April 5, 2003
Séance - A Round Table DiscussionBy Jeff Belanger
A small group of people are sitting at a round table, holding hands, and somewhere in the group sits the medium, invoking the spirit of someone from beyond the grave.
The typical Hollywood séance. But where did the idea come from and how does it work?
Attempting communication with the dead is an idea that is as old as humans themselves, but it would be on March 31, 1848, that two young girls in Hydesville, New York would start an actual movement of spirit communication.
Kate and Margaretta Fox were the daughters of a farmer living in a small wooden house in Hydesville when they heard a strange rapping on their walls. The sisters soon learned that the rapping would respond to questions, and that they were allegedly communicating with the spirit of a peddler who was murdered on the property years earlier.
Kate and Margaretta's other sister, Leah, was enterprising and began charging the curious public a fee to witness and participate in the phenomenon for themselves. It wasn't long before the Fox sisters would catch the attention of P.T. Barnum. Barnum encouraged the girls to take their mediumship on the road. Apparently, the girls developed their skills to be able to communicate with spirits anywhere.
As word spread, others also claimed to have this medium ability, and the séance would be born. The actual word "séance" comes from the French séance meaning "seat, session," and from the Old French seoir meaning "to sit." The term was briefly used to mean a gathering of a legislative body, but around the mid-1800s it was adopted as a term to describe communication with spirits.
Séances and the idea of spirit communication have evolved since the days of the Fox sisters. I recently spoke with Jeffrey Wands, a Long Island, New York-based intuitive who can be heard monthly on the radio station 97.5 WALK FM. Wands has been providing psychic readings full-time since 1990, and he had some insight to the practice: "You go from the old-time kind of Hollywood medium where you sit at the table, to the spiritualist churches where the medium goes into what is called the medium box and they're able to get messages from the box, and then you have trumpet mediumship -- all different things.
"Now, because of John [Edward] and people like [James] Van Praagh, it's more about going into a room with a group of people and just kind of being pulled on a bungee chord to that particular person. That's how much it's evolved and changed."
Jeffrey Wands's clientele includes a wide array of people from many different walks of life. He has done readings for everyone from family members of September 11th victims to celebrities and businessmen. Of course, celebrities and politicians seeking the guidance and comfort of mediums is nothing new. "Abraham Lincoln's wife was very into the whole idea of contacting the dead because they had lost a child. And they used to have regular séances at the White House," Wands said.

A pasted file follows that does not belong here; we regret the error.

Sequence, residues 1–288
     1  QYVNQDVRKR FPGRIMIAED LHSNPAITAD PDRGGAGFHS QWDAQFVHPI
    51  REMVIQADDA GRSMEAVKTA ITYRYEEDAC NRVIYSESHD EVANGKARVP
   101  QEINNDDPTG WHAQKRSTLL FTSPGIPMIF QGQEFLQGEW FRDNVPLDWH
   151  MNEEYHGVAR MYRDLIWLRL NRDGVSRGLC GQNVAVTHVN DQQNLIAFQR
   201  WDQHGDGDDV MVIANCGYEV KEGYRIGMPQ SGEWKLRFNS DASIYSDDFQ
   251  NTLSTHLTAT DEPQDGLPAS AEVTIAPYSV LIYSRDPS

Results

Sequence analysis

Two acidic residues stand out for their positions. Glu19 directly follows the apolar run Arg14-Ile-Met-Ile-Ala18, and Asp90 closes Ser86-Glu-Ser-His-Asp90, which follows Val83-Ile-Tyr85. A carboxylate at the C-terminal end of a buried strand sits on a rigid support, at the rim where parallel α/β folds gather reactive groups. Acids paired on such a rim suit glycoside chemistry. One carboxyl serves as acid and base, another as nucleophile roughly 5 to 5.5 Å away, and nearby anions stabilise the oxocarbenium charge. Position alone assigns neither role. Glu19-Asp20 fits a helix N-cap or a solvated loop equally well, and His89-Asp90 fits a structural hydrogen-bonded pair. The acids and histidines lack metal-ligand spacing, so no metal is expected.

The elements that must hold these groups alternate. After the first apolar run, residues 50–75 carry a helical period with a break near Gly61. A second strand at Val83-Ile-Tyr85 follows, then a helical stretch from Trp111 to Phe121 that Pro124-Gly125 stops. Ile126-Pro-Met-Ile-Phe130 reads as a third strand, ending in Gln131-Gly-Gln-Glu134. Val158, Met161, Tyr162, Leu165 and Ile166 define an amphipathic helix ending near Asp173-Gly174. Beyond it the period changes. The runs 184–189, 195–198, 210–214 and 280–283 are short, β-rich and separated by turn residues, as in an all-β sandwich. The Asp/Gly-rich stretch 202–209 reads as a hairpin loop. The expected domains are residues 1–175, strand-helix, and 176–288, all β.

Today, mediums like Jeffrey Wands don't need to climb into a box or gaze into a crystal ball. He described the way he connects with spirits: "Usually what they [the spirits] will do is give a validation. So they'll show me a particular date that's very significant -- they'll show me a birthday, they may give me a name -- something that applies to something in my life.
"A classic example: I sat with a woman who lost her son, Christopher. They kept showing me my son. My son's name is Christopher. In other words, they'll show me something that I can relate to."
When Jeffrey Wands was on the Maury show, the show's producers selected three instances of people who suffered a tragic loss. One woman was having a very difficult time with the loss of her children. Wands said, "I did a reading with two children that were burned in a fire, and the mother had this tremendous guilt about the way these kids died. I was able to bring messages through from different relatives to let her know that the kids were okay. You want people to go through some sort of process, because it will help them understand that there is no death in the sense of the way we know it. It helps them come more to terms with things."
Wands's motivation seems heavily rooted in helping people -- whether they are alive or have already passed on. He explained, "With the people [spirits] that I see, I want to make sure that they're at peace. And I want to make sure that the people that are alive are at peace."
For Wands, the term "séance" is outdated and is not a term he uses. This is because the word conjures up images of the old round table. The reality is, the idea is still the same: spirit communication.
Jeffrey Wands also believes this mediumship ability is in all of us, but we don't all know how to tap into it. "The idea is connecting with your higher self. I think people have become more aware of signs. Now you're going to get a lot more signs where before we would ignore them. There are tons of signs that take place with people," Wands said.
I miss my grandfather terribly -- he passed on about a year and a half ago -- and the day after his death, I asked him out loud for a sign that he was okay. Less than one second later, I heard a car outside honk a friendly toot-toot. My grandfather was notorious for honking and waving to nobody in particular while he was driving. I immediately took that as my sign, and I remember laughing and crying at the same time. If the séance and spirit communication are what some people need for closure with their deceased loved ones, then the practice is as viable as the funeral rites we practice today.
Jeffrey Wands's book is called The Psychic in You: Understand and Harness Your Natural Psychic Power. Visit his Web site at: www.jeffreywands.com